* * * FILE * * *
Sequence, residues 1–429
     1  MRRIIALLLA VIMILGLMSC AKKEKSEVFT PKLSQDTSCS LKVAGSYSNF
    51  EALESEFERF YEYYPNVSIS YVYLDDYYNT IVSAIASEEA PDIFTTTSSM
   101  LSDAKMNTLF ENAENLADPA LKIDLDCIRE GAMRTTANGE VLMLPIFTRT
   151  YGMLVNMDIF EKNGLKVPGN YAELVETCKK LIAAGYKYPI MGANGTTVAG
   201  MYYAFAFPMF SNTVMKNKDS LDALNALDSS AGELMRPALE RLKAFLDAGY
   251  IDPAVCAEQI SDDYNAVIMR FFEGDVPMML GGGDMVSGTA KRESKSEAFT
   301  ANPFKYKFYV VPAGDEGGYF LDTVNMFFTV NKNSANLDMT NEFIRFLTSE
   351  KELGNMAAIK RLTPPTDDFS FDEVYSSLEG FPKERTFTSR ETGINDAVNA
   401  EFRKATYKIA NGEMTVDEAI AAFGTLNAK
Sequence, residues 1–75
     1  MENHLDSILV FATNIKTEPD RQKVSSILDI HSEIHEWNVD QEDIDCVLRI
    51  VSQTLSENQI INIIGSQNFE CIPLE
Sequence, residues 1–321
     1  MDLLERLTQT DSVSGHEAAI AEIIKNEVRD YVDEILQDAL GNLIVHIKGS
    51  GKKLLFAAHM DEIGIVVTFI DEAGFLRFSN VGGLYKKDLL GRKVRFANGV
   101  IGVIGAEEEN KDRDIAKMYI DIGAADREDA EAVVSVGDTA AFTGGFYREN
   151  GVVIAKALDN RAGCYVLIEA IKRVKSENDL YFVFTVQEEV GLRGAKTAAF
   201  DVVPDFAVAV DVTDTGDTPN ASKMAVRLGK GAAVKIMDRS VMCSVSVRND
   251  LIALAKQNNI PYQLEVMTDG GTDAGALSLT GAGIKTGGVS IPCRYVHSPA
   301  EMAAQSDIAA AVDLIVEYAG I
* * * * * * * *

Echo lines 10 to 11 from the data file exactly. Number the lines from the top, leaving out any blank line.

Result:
   401  EFRKATYKIA NGEMTVDEAI AAFGTLNAK
Sequence, residues 1–75